In an ethnographically designed study, guided by a critical community psychology framework, Black staff
members at a historically White Afrikaans university campus conducted email conversations relating to
issues of race, social justice and reconciliation. The conversations were initiated by the author (Black)
who mainly used prompts found in the local institutional context to elicit responses from colleagues.
A critical discourse approach to thematic analysis of the email conversations was followed. The main
findings are: Compared to the potential number of respondents (32 Black staff members or 18% of all
faculty staff), very few colleagues (9 or 28% of Black staff members) responded via email to the invitations
but, when met in person, all expressed strong views on the topics or prompts used in the initialising emails.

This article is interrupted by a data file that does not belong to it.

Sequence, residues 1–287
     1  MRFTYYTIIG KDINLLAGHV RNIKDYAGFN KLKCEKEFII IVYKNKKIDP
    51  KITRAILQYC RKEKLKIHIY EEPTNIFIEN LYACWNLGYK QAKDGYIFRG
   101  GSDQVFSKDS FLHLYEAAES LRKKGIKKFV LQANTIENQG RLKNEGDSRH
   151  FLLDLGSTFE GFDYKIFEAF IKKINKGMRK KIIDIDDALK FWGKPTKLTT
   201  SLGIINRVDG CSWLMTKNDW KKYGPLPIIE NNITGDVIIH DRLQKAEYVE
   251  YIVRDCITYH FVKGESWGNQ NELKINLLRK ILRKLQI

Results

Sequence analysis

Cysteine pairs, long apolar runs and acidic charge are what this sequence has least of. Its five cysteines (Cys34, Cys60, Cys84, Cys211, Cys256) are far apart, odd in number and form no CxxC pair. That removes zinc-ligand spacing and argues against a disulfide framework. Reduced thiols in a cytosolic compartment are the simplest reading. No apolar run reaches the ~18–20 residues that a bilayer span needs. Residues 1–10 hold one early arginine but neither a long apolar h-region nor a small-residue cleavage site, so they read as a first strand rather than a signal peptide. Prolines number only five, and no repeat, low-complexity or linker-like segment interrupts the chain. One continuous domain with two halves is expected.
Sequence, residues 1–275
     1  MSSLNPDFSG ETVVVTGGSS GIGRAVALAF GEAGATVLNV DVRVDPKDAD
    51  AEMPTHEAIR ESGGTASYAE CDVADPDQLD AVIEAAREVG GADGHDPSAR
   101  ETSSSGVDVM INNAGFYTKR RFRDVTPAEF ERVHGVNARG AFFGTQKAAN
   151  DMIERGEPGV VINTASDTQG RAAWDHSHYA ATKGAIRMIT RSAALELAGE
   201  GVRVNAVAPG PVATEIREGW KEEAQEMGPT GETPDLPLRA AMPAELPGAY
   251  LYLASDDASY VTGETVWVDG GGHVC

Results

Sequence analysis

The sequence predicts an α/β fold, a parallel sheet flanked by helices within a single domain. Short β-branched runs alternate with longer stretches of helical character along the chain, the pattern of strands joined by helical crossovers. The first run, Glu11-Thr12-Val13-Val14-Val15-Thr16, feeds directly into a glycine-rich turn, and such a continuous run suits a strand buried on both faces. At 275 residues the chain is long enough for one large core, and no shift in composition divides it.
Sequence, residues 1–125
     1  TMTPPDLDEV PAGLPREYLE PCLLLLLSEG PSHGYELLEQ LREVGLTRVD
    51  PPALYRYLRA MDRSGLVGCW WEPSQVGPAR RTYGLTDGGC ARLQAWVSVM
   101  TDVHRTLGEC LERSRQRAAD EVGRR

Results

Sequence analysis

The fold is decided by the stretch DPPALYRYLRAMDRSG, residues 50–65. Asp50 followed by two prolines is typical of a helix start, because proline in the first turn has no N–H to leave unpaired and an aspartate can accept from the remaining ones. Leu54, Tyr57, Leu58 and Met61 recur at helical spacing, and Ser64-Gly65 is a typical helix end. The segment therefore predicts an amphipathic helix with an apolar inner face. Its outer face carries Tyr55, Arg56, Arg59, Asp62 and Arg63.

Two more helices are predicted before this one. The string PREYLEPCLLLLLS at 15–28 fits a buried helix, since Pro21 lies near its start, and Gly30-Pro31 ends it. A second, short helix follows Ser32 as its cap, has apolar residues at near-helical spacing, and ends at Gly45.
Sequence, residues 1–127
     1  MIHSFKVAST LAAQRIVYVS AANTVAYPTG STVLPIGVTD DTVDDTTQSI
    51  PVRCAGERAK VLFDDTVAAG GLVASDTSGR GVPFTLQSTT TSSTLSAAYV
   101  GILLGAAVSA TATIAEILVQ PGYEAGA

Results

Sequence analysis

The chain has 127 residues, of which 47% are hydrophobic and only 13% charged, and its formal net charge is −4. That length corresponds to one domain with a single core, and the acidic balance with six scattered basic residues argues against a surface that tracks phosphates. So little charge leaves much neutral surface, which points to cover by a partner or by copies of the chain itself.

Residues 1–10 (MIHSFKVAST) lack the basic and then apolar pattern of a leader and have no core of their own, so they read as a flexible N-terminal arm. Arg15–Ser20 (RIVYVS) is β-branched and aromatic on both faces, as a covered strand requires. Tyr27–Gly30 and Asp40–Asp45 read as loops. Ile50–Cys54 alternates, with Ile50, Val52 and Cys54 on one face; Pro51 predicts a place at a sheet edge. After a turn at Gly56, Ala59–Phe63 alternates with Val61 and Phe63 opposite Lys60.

The critical discourse approach revealed clear psychopolitical awareness and strong discourses of fear,
powerlessness and bitterness, as well as a discourse of non-engagement. These discourses appeared in
all three domains of analysis: local, institutional and societal. Theoretical explication is sought mainly in
resistance theory for the discourse of non-engagement and the scarcity of responses located in the local
domain. Transformative resistance is suggested so that alternative discourses are inculcated, at least, in
faculties of education at some historically White Afrikaans university campuses.